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Selecting a Horn

Selecting  a Horn

When it comes to choosing your equipment, I am a fan of the go-with-your-gut theory. If you pick something up and after a few minutes do not like it, it is probably not the best choice for you. In a world where there are just so many types of horns that exist and new builders entering the scene on a regular basis, it can be hard to know what you like and what will work for you.
A good place to start is just to try everything you can get your hands on. See what your school owns, what your friends own, and get a sense of what you do and do not like. It can be useful to make a list to keep handy, but at the same time, two horns that should be exactly the same can play very different. Also check out local music stores in your area to see what they keep in stock regularly and if they would be willing to get a few things in for you to try.
The best way to try the most variety is horn workshops/conferences/symposiums. The horn society website is the best place to find a list of upcoming events. At these events, there are usually quite a few people who bring a variety of used horns they have for purchase, as well as several horn makers who you can place orders through that would have some samples for you to try. Again, TRY EVERYTHING! You never know what you could fall in love with. Prices vary so much with horns so make sure you stay within your price range, but do not be afraid to try something new. Leave your biases at the door and come in with an open mind.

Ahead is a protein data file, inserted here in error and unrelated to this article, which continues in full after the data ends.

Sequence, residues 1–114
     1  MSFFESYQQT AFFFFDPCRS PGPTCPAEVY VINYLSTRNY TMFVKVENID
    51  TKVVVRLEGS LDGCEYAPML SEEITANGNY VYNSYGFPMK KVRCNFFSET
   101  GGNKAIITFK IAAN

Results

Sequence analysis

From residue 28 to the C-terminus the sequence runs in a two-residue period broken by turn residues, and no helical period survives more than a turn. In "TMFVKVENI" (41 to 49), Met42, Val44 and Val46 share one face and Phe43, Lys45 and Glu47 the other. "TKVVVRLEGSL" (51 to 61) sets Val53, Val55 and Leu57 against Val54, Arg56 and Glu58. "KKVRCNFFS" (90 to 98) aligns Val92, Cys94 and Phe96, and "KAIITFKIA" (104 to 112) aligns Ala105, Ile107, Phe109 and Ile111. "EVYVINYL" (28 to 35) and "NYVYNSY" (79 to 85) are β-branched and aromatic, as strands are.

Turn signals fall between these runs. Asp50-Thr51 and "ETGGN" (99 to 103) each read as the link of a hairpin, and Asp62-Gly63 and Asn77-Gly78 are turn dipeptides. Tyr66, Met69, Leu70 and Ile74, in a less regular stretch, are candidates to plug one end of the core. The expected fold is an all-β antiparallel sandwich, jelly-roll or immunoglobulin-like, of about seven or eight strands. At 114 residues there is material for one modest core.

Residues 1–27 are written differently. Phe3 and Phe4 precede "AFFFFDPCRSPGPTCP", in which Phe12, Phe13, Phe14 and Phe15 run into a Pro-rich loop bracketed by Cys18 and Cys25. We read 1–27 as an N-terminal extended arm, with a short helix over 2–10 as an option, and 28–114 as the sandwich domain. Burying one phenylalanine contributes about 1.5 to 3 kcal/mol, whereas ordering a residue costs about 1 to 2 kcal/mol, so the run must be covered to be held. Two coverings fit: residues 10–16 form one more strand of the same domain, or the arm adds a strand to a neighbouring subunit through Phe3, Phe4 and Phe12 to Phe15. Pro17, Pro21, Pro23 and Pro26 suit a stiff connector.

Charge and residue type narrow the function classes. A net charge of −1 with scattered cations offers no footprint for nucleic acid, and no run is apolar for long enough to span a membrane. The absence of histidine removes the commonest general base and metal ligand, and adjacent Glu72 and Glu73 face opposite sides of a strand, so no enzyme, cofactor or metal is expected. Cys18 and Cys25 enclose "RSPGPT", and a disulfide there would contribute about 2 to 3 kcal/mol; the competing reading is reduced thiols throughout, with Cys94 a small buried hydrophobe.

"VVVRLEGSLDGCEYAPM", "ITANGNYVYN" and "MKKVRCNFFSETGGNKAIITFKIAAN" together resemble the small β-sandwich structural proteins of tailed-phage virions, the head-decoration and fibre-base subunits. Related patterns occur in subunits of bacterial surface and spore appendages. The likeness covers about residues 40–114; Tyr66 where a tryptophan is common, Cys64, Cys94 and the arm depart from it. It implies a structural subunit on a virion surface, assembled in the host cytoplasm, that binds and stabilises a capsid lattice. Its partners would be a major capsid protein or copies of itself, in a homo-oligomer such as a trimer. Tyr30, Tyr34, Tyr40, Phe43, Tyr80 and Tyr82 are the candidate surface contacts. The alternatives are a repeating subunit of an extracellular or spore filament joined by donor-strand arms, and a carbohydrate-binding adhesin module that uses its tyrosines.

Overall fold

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Overtone Series

Overtone Series
All instruments are created around a naturally occuring series of notes. Each fingering on every instrument allows a certain series of notes to be produced and that series is called the overtone series. With the correct setup and everything working in the right way, the attempted note should come out. However, there are various issues that can cause incorrect notes to come out. Have you ever heard a reed instrument squeak? That is a note within their overtone series that came out instead of the note they were attempting. On the horn, the overtone series on the open F side of the horn looks like this: (photo credit : Maurice Limon)
This series works for each fingering on the F side of the horn and goes down by half-step as you add fingerings in order (2, 1, 12, 23, 13, 123) and this is how the fingerings for all of the notes on the horn are determined.
There are many exercises that are based around the knowledge of the overtone series. Some of the notes are not perfectly i…